Put simply it's to pay attention to your intention.
To pay attention to what your doing in the moment at that moment.
It's easy to get caught up in the chatter of your mind that runs about mindlessly on a loop each and every day. Sometimes we're not even aware of our thoughts but if you try and sit still for a minute and think about nothing then all of a sudden those thoughts are loud and demanding of our attention.
Thoughts are like the radio on in the background all day long and it's not until your hear your favourite song on the radio that you pay attention to it. This constant background stream is like the thoughts that go through our mind every single day. We aren't even aware of them until our favourite anniversary is coming up or a dreaded stressful event. We then get wrapped up in the thoughts, pay more attention to them than we previously did and start to anticipate, feel excited, dread, feel anxious, sick etc. at the thought of the event. This is thinking at work, this isn't mindfulness.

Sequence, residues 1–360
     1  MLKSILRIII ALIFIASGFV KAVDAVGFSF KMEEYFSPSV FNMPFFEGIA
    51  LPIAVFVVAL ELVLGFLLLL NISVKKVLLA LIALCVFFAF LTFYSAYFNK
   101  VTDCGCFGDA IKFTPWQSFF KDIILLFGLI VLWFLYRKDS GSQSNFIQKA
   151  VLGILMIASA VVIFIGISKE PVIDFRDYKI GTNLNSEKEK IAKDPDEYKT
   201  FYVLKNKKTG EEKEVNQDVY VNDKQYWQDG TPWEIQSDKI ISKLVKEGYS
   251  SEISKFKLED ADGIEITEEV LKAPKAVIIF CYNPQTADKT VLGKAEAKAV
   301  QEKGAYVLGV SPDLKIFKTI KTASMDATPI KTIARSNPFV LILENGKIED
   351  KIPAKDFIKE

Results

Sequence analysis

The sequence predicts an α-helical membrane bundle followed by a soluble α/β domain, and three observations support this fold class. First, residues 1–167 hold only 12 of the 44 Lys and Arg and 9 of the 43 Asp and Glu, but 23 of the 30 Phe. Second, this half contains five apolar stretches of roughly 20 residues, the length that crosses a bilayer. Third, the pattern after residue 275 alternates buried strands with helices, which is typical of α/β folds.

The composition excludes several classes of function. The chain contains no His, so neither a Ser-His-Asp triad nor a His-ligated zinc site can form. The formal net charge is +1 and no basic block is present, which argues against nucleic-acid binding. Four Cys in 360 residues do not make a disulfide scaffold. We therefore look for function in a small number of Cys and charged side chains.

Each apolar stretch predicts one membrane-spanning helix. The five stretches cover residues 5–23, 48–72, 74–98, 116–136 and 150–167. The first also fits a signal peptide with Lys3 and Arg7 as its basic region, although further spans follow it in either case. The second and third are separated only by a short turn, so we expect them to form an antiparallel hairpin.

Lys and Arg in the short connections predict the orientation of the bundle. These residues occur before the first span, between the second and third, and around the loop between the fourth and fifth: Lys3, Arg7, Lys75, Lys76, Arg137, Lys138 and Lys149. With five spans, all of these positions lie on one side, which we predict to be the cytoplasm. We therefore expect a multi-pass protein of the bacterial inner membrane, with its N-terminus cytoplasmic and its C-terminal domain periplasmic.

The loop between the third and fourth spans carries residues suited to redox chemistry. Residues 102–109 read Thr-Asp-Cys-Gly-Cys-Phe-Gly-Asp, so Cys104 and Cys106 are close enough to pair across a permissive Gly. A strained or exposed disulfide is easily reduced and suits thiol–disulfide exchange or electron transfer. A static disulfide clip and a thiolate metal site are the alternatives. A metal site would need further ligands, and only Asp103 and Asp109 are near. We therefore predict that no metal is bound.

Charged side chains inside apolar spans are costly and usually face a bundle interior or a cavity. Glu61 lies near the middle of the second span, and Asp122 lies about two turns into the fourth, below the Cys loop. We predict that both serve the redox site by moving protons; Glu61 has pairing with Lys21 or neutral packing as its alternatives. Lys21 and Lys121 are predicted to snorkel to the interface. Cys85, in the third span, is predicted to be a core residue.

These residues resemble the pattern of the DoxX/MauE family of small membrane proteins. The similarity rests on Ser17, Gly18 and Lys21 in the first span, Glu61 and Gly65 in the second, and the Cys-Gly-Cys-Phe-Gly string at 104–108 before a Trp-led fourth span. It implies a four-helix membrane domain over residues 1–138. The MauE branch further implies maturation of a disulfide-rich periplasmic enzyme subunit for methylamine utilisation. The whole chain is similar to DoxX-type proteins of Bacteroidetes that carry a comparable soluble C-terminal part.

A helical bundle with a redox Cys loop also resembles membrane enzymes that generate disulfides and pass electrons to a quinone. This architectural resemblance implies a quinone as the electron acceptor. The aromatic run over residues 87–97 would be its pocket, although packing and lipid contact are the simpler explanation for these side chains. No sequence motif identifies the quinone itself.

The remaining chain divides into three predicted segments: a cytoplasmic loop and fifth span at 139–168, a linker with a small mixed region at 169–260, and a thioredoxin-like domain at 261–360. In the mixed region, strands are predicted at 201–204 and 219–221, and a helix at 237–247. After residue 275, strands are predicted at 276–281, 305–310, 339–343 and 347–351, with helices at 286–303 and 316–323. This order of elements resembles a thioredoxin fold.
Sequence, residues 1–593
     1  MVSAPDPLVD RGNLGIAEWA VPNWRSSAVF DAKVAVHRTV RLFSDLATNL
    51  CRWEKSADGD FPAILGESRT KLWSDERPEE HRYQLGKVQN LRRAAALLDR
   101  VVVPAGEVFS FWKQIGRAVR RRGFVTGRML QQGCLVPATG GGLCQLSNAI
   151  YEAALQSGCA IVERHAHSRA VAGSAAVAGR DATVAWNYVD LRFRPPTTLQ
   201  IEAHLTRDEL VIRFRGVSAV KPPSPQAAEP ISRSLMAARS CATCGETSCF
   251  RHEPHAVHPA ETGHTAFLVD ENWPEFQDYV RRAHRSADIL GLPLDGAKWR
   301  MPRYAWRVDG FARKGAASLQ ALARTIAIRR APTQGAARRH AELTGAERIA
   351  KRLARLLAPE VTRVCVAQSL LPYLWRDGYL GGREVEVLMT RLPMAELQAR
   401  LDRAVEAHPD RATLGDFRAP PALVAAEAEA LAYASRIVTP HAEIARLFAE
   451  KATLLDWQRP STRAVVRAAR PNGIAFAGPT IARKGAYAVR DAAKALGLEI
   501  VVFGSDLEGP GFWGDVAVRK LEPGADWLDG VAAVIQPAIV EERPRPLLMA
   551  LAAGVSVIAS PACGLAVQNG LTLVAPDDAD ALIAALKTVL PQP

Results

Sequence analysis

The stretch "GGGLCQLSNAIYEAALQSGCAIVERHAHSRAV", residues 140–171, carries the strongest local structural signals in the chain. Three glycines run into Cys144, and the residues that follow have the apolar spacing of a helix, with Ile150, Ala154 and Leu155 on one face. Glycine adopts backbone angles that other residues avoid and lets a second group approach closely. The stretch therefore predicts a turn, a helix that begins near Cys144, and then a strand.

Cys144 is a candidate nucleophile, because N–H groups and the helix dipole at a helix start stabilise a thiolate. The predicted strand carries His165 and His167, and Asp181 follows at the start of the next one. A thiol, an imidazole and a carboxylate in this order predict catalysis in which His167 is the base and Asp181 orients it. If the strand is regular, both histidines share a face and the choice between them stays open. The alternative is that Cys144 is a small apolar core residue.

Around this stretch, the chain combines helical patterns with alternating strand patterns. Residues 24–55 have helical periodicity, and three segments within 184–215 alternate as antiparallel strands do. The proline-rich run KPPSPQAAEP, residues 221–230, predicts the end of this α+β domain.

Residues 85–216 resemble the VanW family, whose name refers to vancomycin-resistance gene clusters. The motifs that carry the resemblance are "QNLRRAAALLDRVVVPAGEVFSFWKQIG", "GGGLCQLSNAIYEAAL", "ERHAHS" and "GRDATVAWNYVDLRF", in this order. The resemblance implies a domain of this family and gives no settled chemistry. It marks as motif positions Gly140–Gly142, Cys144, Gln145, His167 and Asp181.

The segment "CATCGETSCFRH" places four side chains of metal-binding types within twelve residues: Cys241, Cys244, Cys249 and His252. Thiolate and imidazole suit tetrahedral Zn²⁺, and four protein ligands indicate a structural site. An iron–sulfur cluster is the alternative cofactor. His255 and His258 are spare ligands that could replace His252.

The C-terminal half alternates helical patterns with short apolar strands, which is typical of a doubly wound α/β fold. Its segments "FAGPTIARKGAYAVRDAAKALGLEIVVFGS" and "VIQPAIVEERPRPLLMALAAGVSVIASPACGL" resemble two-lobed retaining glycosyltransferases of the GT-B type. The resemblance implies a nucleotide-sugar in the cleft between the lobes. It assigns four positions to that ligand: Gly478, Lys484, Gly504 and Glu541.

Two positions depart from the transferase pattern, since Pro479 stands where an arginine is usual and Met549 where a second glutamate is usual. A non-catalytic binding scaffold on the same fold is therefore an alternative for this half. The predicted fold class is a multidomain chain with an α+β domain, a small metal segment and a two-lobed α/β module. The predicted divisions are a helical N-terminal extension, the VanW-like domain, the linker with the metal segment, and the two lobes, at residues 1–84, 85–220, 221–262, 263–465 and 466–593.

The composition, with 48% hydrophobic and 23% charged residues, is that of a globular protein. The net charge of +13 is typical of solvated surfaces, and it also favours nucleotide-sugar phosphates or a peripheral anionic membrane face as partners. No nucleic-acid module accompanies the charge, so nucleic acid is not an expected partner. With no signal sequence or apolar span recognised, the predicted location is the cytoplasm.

I hear a lot of people say, "I'm too busy, I don't have time to meditate for 20 minutes a day." And I have to agree.
Mindfulness is not meditation though.
There's no incense, no expensive 1000 thread count Vegan, Organic overpriced meditation mat/rug/cushion (I jest!) nor even a singing bowl required! Mindfulness can be done sitting, walking, driving, lying down, exercising.. you name it and I'm sure it can be done there too.
When our attention is focused completely on the here and the now activity, then there are no other requirements than your breath, your intention, your attention, your focus and your curiousity. It's also free to do and that is worth celebrating!
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relaxing calm psychotherapist in G2 Glasgow female counsellor childhood trauma adverse childhood experiences breathwork